Other data points identified by the 2016 Stratifying High-Risk Patients survey include the following:

  • Almost four-fifths of 2016 respondents have programs to stratify high-risk patients, and the infrastructures of more than half of these initiatives utilize clinical analytics, predictive algorithms, EHRs and other IT tools to manage care for high-risk patients.
  • The reigning health risk calculator continues to be the LACE tool (Length of stay, Acute admission, Charleston Comorbidity score, ED visits), used by 45 percent in 2016, versus 33 percent two years ago.
  • For more than a quarter of 2016 respondents, assuring data integrity remains a key challenge to risk prediction.
  • A case manager typically has primary responsibility for risk stratification, say 52 percent of respondents.
  • Diabetes is the most prevalent clinical condition among high-risk patients, say 47 percent.
  • At least 70 percent report reductions in hospitalizations and ER visits related to risk stratification efforts.
  • Improvement in the highly desirable metric of patient engagement is reported by 74 percent of respondents.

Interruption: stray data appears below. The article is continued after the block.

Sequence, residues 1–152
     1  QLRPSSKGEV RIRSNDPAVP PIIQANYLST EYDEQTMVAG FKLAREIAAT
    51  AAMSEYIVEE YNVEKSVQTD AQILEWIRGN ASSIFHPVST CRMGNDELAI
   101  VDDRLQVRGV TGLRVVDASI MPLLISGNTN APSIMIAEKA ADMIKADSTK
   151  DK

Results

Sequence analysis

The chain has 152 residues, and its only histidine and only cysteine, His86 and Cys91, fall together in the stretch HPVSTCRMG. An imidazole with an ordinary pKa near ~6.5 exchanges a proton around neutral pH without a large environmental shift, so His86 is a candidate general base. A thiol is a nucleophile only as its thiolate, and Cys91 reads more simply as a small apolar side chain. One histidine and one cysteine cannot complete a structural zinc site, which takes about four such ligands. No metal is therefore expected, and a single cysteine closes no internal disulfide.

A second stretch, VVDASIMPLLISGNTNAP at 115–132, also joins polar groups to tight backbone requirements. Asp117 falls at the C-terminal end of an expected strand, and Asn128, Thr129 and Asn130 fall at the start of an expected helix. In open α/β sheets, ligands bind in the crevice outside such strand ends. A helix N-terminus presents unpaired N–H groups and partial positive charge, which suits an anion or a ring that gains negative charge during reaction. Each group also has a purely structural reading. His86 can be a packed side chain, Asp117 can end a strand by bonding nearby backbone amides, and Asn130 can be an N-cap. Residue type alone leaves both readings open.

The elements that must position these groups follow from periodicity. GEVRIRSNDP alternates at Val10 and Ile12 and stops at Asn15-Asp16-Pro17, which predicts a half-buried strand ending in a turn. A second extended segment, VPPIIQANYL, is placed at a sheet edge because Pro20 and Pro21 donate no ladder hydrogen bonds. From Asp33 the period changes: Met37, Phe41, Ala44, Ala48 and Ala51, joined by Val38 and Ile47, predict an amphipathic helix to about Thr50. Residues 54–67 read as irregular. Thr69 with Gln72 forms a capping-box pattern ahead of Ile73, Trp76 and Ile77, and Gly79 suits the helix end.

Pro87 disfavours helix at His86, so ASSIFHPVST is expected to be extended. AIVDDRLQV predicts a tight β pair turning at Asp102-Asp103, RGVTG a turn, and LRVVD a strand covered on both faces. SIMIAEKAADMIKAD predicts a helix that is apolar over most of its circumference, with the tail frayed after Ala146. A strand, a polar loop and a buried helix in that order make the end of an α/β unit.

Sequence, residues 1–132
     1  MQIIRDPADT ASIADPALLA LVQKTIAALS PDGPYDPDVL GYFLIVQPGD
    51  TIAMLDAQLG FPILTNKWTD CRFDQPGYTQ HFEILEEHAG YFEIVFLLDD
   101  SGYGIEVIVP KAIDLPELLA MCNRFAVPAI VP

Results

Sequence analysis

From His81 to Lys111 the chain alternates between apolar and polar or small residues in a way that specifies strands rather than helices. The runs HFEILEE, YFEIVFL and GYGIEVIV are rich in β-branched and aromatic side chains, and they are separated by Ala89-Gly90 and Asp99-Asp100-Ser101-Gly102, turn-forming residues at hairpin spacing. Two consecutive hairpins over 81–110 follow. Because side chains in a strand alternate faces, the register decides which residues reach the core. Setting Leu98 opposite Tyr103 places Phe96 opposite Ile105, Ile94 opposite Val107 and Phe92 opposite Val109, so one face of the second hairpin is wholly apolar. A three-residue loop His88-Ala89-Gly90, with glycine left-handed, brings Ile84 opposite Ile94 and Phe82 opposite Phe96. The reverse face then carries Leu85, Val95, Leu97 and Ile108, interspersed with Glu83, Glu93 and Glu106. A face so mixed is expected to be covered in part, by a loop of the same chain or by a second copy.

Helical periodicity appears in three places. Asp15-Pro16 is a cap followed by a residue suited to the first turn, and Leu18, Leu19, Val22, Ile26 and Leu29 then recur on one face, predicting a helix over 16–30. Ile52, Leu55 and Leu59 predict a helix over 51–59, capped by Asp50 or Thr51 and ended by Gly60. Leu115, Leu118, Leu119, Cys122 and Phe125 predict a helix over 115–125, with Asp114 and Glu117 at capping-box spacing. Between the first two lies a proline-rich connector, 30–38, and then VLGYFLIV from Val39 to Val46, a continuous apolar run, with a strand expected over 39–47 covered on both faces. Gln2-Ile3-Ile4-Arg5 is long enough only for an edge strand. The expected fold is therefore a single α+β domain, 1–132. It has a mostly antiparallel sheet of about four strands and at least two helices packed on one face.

Click here to download an executive summary of survey results: Stratifying High-Risk Patients in 2016: As Risk Prediction Prevails, Industry Eyes Social Determinants, Rising Risk.

CCNC Home Visits in Transitional Care: Payoffs of Targeting Priority Patients

April 7th, 2016 by Patricia Donovan

Timely and appropriately targeted home visits for priority Medicaid beneficiaries significantly reduced hospital admissions and readmissions.

The philosophy behind Community Care of North Carolina’s award-winning care transition management program is simple: transitional care works better for some than others.

Before investing in home visits, pharmacist involvement and early outpatient follow-up, healthcare organizations should discern the patients most likely to benefit from these resource-intensive interventions as well as those who won’t, advised Carlos Jackson, PhD., CCNC director of program evaluation.

“Transitional care often becomes a one-size-fits-all intervention, where providers feel they have to do the same thing for everybody coming out of the hospital,” Jackson noted during Measuring and Evaluating the Impact of Home Visits for Clinically Complex Patients, a March 2016 webinar now available for replay.

In outlining the CCNC approach, Jackson recommends transitional care be targeted towards patients with multiple, chronic or catastrophic conditions to optimize an organization’s return on investment.

His organization’s dexterity in determining and managing a priority population for transitional care (TC) helped to earn CCNC the inaugural Hearst Health Prize for Population Health earlier this year. With a presence in all one hundred North Carolina counties, CCNC manages 1.5 million Medicaid beneficiaries, among other populations.